Category: National Parks

Traveling Naturalist: Elephants, Kudus and More in Tarangire National Park

The Traveling Naturalist visits Tarangire National Park in northern Tanzania, home to one of the largest herds of elephants in Africa, unusual antelope, migrating zebras, lions and warthogs and much, much more. Can it stay that way? Does tourism help?

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Traveling Naturalist: 5 Top Spots to See Yellowstone’s Wildlife

Heading to America’s first national park? Our blogger points you to the best spots to see Yellowstone’s diverse wildlife, including creatures very, very large and those very, very small.

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Climate Change and the Future of Bison

When the world gets warmer, what happens to bison and other grassland grazers such as cattle? A new paper, based on research conducted at Nature Conservancy preserves, is helping answer that question.

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Traveling Naturalist: 5 Marvelous Marsupials to Spot in Queensland

Northern Tropical Queensland offers some of the best wildlife viewing anywhere, if you know where to look. Our blog gives you what you need to spot bizarre marsupials, including bandicoots, sugar gliders and kangaroos that live in trees.

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The Traveling Naturalist: Solid Gold in the Rockies

Introducing The Traveling Naturalist, a new series featuring natural wonders and biological curiosities for the science-inclined wanderer.

The Rocky Mountains in the spring are a botanist’s delight, with many hills, mountain meadows and buttes awash in color. Wildflowers – many of them with interesting natural and human histories – can be easily found on your public lands. Some exist in bright but tiny cluster on alpine peaks while others cover meadows in a palette of seemingly solid color.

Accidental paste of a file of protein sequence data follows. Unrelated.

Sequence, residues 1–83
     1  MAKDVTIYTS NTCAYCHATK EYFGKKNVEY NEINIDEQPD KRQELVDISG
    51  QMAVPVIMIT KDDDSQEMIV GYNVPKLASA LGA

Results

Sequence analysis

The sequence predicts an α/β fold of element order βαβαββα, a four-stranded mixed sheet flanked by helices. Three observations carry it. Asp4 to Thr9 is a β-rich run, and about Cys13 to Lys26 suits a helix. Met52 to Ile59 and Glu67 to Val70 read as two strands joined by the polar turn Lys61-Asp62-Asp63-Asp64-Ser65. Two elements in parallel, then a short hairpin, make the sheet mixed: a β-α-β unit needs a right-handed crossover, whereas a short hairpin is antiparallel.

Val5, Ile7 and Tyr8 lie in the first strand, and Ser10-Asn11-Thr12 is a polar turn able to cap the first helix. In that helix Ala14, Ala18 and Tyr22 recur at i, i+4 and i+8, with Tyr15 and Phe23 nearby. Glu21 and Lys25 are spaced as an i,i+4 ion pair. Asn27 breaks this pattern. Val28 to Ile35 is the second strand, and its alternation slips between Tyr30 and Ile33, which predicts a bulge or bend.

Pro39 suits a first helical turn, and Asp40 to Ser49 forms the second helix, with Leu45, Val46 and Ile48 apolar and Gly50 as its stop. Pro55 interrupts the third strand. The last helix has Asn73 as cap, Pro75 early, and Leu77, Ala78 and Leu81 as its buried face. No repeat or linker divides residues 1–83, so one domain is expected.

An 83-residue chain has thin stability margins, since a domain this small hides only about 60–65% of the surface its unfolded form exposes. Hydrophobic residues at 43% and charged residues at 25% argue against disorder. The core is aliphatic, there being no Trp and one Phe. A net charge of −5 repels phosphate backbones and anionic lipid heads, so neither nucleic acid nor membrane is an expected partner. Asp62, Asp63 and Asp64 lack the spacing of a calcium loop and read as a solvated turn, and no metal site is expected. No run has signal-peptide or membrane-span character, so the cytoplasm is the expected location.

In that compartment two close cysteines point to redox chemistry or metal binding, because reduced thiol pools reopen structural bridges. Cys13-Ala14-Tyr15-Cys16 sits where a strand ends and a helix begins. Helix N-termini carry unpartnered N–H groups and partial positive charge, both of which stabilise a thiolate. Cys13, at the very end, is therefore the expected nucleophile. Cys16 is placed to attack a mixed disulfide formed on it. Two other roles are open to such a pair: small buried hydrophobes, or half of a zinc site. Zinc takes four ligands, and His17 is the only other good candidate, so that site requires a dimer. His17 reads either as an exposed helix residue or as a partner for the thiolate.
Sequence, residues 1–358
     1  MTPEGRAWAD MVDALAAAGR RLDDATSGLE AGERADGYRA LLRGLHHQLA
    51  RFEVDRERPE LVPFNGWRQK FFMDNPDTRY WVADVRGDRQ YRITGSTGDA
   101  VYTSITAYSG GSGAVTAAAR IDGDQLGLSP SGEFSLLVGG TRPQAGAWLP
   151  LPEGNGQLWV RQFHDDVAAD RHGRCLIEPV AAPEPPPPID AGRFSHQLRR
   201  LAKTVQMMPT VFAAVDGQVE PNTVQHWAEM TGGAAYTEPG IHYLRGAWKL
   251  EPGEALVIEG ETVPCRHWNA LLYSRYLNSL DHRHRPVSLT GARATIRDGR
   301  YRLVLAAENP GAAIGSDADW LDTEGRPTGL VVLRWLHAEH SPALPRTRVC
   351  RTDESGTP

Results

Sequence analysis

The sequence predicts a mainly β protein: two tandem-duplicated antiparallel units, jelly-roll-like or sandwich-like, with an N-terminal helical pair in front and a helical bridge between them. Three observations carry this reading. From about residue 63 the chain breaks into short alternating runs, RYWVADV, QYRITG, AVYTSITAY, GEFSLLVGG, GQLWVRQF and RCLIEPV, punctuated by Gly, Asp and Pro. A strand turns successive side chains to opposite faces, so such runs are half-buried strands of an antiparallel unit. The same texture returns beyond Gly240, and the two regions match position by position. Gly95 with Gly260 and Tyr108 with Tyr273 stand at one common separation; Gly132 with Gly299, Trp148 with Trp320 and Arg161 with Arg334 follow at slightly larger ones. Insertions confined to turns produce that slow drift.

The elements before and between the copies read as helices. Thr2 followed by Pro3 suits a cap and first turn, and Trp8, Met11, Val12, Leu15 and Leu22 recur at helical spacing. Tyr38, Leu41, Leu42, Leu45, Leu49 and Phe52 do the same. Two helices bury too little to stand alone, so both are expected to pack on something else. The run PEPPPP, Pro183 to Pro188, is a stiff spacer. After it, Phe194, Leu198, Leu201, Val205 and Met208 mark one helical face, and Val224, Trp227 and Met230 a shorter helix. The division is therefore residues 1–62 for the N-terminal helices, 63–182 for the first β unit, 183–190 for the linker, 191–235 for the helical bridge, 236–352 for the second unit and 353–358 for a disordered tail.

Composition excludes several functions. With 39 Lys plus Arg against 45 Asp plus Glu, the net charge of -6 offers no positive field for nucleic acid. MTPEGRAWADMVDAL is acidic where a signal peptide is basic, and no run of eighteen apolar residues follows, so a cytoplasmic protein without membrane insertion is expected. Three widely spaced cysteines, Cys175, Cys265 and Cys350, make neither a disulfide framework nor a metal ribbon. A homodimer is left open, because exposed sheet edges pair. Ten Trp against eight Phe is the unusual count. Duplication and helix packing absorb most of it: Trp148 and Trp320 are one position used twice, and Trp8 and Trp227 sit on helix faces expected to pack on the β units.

My favorite: the flower that paints many foothills bright gold throughout the West, arrowleaf balsamroot (Balsamorhiza sagittata).

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Fish and Chimps

Chimpanzees don’t eat fish. They don’t even swim. But at Lake Tanganyika in western Tanzania, scientists have found that to save chimps, they must look underwater.

That’s because here, everything—people, fish, water, forest, and chimps—is interconnected. Attempting to conserve the apes without accounting for the health of the fishery that provides food and income for local people would doom these efforts.

Today, fish supplies are dwindling, villages are growing fast and chimps are getting squeezed into smaller and smaller forests.

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Expedition to Northern Tibet, Part 2: Where the Wild Yak Roams

Kiang live up here.

We’re in the highest, most desolate section of Tibetan Plateau; a place no one lives and very few visit. And yet even here we’re accompanied by oddly domestic shapes. Kiang, or Tibetan wild ass (Equus kiang), are a strikingly coloured relative of the donkey; their red-brown backs contrasting sharply with white flanks, belly, legs, neck and muzzle.

They can survive more arid conditions than any other large mammal on the plateau, and like their less-wild cousins, are masters at finding food where there appears to be none. Their equine shape and canter are familiar even to someone who has spent very little time with horses.

As we struggle with our bike and trailers, slouching exhausted every couple of hundred meters, the domestication of equines seems like one of our species smartest achievements.